So, like she herself seemingly has with the world around her, Ahsoka begs Din to cut Grogu off—let his connection to the Force dwindle, keep him secret as he once was. Because the thought of training that power only to see it give in to the dark, uncontrolled impulses Grogu has displayed before could only lead to the heartbreak she once saw with Anakin. Ahsoka lost her master and is in the process of attempting to recover a lost young friend strong in the Force, one who needs as much guidance as Grogu does. These connections have driven her over the years, yes, but they’ve also caused her unimaginable pain. Pain she does not want to burden further in taking on Grogu and training his abilities: the fear of a failure that saw her unable to save Anakin or Ezra (yet).
But Ahsoka’s distance with Grogu, even as she is able to connect with him and share his story with Din, is tempered by something made more explicit in “The Jedi” than it ever has previously been in this series: the simple fact that Din loves this child. It’s not outright said, The Mandalorian isn’t really that kind of show, but this chapter’s most gleeful, earnest moments aren’t in Ahsoka swinging a lightsaber about or the mentions of Star Wars’ past, canon or otherwise.
They’re the intimacy in his interactions with Grogu in this episode, made all the stronger after Ahsoka’s mental connection to the Child provides context for him. The lovingness with which he knows how to get Grogu to reach out with his power for Ahsoka, his joy and pride when Grogu does so for him and not her, the quiet moment of melancholy when, in the episode’s climax, Din believes he’s waking the child up on the Razor Crest one last time before parting ways. Hell, even the way he practically coos when calling the Child “kid,” or by his name.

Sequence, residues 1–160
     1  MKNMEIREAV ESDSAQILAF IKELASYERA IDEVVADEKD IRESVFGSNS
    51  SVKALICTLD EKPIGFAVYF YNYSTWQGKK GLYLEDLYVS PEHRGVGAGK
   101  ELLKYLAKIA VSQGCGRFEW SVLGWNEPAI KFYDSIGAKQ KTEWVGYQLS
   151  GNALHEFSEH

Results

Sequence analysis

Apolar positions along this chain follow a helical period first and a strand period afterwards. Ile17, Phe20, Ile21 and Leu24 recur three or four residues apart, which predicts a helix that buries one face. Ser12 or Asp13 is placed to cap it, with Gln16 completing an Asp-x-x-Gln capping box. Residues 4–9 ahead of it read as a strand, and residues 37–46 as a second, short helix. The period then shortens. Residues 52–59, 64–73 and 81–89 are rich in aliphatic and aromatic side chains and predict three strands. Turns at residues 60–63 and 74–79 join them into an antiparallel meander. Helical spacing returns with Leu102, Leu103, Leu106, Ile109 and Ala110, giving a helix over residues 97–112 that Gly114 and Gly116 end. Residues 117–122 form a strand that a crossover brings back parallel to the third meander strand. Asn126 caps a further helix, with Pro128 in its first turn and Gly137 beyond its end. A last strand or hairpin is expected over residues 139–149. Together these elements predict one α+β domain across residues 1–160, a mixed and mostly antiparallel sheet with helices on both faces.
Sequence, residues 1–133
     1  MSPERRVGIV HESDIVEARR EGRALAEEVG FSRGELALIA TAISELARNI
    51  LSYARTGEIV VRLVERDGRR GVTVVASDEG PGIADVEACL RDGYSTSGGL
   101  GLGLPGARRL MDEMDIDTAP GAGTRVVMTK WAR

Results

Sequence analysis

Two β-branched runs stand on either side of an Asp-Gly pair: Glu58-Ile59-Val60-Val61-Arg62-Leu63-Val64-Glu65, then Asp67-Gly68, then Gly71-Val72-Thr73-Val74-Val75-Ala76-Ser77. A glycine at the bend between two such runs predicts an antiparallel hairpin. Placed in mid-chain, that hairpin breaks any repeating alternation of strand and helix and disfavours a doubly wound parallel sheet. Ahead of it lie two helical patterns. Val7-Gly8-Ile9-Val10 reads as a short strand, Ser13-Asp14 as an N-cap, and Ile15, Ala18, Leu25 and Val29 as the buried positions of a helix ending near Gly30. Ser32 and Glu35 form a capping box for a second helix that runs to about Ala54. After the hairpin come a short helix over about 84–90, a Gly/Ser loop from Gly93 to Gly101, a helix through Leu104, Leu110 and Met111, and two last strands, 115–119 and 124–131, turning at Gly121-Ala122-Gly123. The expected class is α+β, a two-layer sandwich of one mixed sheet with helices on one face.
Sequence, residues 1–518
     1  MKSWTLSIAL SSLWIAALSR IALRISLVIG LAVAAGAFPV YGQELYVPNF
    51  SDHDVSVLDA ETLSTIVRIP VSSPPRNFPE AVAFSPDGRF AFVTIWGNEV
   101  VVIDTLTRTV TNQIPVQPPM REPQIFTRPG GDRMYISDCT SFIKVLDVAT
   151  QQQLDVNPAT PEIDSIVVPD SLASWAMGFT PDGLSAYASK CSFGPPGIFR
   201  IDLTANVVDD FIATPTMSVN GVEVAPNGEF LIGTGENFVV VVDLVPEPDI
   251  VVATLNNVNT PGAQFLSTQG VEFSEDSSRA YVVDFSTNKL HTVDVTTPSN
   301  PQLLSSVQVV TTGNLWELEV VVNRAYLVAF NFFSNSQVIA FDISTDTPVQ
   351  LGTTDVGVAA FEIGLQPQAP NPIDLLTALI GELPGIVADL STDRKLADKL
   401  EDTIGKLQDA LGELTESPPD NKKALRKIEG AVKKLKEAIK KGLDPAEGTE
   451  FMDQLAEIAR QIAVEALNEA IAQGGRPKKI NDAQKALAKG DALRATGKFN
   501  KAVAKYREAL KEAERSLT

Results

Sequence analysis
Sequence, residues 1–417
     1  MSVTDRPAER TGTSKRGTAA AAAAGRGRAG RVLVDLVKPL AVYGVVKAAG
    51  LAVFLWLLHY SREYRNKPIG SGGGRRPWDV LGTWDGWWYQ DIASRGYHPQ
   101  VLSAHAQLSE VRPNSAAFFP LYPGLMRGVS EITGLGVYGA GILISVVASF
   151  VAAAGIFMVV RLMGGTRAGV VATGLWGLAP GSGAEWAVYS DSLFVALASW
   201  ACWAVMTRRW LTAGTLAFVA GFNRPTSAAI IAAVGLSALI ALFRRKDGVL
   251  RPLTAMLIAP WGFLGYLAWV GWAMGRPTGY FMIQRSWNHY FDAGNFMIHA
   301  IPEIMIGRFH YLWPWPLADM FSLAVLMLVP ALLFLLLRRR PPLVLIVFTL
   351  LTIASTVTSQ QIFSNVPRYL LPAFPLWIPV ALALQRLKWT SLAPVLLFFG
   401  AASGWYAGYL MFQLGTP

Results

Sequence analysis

We know that Din cares for Grogu at this point, but it’s typically been presented with a gruff distance, the underprepared sudden father figure attempting to deal with a wacky kid high on space macarons and midi-chlorians. The bond between them has never been depicted as openly and as intimately as it has here, and it’s vital that it is presented openly, as The Mandalorian evolves from the mystery of who this child is, and instead onto where he will go next. It’s a rare emotional denouement in a show that is otherwise mostly preoccupied with tone and context: we now know who Grogu was, but it is also made clear who he is now, the adopted son of a man whose bond is just as potent with him as a Jedi’s connection to the Force is.
As to where he’ll go next? Ahsoka is, at least, willing to pass the metaphysical buck, so to speak. After Din aids her in liberating Calodan from Magistrate Elsbeth and her Forces, Ahsoka insists once more that she cannot train Grogu, but offers hope that there may yet be more Jedi that could: but they will have to be Jedi open to that idea, not ones who have this little child thrust into their paths as she was. Ahsoka gives Din a location, Tython, home to an ancient Jedi temple, and a seeing stone that will allow Grogu to decide his own path: reach out and allow others of his kind to sense him, or stay hidden as the Jedi’s twilight continues.